Listen, Whitey!

The Sights and Sounds of Black Power 1965-1975

artist: Pat Thomas
publisher: Fantagraphics
publish date:
language: English
coloring: full color
pages: 204: Hard Cover

Noted music producer and scholar Pat Thomas spent five years in Oakland, CA researching Listen, Whitey! The Sights and Sounds of Black Power 1965-1975. While befriending members of the Black Panther Party, Thomas discovered rare recordings of speeches, interviews, and music by noted activists Huey Newton, Bobby Seale, Eldridge Cleaver, Elaine Brown, The Lumpen and many others that form the framework of this definitive retrospective.

Listen, Whitey! also chronicles the forgotten history of Motown Records. From 1970 to 1973, Motown’s Black Power subsidiary label, Black Forum, released politically charged albums by Stokely Carmichael, Amiri Baraka, Langston Hughes, Bill Cosby & Ossie Davis, and many others, all represented.

Also explored are the musical connections between Bob Dylan, John Lennon, Graham Nash, the Partridge Family (!?!) and the Black Power movement. Obscure recordings produced by SNCC, Ron Karenga’s US, the Tribe and other African-American sociopolitical organizations of the late 1960s and early ’70s are examined along with the Isley Brothers, Nina Simone, Archie Shepp, Art Ensemble of Chicago, Clifford Thornton, Watts Prophets, Last Poets, Gene McDaniels, Roland Kirk, Horace Silver, Angela Davis, H. Rap Brown, Stanley Crouch, and others that spoke out against oppression.

Other sections focus on Black Consciousness poetry (from the likes of Jayne Cortez, wife of Ornette Coleman), inspired religious recordings that infused god and Black Nationalism, obscure regional and privately pressed Black Power 7-inch soul singles from across America. 90,000 words of text are accompanied by over 250 large sized, full-color reproductions of album covers and 45 rpm singles — most of which readers will have never seen before.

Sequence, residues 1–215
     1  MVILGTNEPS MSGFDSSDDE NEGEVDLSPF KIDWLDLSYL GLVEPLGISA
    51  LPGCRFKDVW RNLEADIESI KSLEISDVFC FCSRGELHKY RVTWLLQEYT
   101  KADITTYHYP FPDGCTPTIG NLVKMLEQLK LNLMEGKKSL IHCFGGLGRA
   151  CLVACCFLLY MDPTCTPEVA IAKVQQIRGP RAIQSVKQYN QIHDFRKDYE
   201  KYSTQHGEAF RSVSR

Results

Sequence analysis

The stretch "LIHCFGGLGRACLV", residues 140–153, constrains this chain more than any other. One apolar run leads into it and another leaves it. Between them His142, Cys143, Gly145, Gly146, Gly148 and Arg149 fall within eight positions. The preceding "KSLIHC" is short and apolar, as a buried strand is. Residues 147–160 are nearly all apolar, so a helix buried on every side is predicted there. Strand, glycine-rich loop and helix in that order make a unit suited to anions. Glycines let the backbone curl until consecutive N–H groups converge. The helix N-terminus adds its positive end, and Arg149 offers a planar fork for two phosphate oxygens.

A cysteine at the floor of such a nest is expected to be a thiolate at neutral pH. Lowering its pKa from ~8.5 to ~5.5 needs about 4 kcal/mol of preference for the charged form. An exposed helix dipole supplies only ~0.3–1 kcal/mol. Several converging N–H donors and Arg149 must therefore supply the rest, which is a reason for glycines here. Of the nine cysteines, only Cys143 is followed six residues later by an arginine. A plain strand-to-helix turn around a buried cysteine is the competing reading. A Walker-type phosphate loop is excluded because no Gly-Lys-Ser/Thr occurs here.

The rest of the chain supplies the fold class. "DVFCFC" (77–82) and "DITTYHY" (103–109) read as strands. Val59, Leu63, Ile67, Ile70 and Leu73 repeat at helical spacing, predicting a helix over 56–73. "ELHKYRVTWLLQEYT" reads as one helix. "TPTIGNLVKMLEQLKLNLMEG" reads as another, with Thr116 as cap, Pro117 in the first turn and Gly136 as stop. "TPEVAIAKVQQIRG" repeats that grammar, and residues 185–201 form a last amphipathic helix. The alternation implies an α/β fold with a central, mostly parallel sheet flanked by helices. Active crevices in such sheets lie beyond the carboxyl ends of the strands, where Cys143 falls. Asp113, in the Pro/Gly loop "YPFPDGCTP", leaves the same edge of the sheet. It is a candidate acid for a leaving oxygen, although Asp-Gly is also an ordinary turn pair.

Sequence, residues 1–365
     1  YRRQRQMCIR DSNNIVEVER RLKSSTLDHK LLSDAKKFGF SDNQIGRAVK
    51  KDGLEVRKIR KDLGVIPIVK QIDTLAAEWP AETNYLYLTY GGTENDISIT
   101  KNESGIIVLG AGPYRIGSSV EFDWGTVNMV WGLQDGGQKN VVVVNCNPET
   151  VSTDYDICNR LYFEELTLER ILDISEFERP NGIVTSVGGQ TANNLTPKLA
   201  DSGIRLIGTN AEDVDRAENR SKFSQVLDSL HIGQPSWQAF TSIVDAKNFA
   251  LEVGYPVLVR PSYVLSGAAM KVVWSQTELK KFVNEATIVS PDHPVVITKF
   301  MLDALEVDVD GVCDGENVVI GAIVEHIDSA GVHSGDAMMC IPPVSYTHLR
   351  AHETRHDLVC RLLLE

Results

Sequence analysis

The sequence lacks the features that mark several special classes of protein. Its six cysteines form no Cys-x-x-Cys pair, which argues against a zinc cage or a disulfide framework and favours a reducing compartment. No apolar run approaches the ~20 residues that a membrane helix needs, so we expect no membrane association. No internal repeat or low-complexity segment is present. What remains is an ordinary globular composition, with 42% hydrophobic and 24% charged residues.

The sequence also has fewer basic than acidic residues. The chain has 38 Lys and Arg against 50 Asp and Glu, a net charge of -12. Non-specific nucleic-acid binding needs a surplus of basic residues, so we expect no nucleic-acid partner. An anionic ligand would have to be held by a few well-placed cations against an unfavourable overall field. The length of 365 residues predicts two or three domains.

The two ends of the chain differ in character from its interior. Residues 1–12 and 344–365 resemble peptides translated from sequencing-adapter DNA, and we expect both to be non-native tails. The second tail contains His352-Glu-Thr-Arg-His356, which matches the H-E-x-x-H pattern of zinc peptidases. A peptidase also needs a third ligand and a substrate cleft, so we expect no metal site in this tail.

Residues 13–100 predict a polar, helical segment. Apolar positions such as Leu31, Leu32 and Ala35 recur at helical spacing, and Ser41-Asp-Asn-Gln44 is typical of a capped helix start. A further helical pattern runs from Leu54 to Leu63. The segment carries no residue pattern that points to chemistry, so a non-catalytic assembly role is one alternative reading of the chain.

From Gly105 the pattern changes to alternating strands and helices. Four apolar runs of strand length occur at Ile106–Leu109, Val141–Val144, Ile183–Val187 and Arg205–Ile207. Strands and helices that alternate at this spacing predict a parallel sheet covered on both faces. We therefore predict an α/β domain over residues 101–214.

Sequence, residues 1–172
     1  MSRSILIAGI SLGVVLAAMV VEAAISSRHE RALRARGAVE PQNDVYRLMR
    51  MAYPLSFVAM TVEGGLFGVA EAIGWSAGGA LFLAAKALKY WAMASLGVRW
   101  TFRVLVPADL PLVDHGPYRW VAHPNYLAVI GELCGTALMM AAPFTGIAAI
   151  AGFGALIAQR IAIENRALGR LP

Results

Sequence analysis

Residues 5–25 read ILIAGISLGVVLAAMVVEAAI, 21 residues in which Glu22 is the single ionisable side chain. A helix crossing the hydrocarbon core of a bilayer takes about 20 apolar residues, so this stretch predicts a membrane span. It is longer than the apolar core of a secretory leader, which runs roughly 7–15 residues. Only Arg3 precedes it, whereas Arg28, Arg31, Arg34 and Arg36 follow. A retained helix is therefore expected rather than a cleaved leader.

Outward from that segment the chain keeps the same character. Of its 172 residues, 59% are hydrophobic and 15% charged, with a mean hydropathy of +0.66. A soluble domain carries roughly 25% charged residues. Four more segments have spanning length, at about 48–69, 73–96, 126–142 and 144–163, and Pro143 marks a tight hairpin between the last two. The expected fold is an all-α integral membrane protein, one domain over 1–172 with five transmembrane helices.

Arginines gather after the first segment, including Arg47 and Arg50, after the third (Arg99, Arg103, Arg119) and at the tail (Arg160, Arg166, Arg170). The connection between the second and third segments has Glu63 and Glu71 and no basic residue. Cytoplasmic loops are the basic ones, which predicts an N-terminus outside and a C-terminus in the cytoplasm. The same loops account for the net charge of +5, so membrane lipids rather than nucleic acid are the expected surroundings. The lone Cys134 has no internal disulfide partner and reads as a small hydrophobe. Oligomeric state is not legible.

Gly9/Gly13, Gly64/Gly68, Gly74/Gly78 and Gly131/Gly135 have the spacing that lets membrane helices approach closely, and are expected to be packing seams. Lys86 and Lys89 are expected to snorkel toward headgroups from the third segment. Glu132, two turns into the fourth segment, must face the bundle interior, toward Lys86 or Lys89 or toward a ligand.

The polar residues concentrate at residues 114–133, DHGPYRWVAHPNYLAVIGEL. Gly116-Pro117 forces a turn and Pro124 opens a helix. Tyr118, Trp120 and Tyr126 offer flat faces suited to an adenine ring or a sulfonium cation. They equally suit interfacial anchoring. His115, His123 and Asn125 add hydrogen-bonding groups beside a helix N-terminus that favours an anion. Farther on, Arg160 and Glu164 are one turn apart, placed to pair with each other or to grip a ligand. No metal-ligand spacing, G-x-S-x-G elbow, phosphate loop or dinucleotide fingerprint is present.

Advance praise for Listen, Whitey!:

“The revolution was vaguely televised but it was even better and bodaciously visualized in multiple forms of media and by every means necessary. Most memorably by the very people who were making the revolution pop and populist in the Black Power and Pan-Afrikanist 60s and 70s. Listen, Whitey! is a phenomenally detailed memory jogger, smile-getter and page-turner for those who were valiantly there, drunk on possibility and militance. It’s also a historical cornucopia for those who weren’t around then and likely had no idea how artfully and aggressively those on the radically Afrocentric frontlines once seized the means of media production back in the day. Look out newjacks, post-blacks and radical rookies - this Molotov romancing family album is about to grab your mama.” – Greg Tate, author of Flyboy in the Buttermilk, Midnight Lightning: Jimi Hendrix and the Black Experience and Everything But the Burden: What White People Are Taking from Black Culture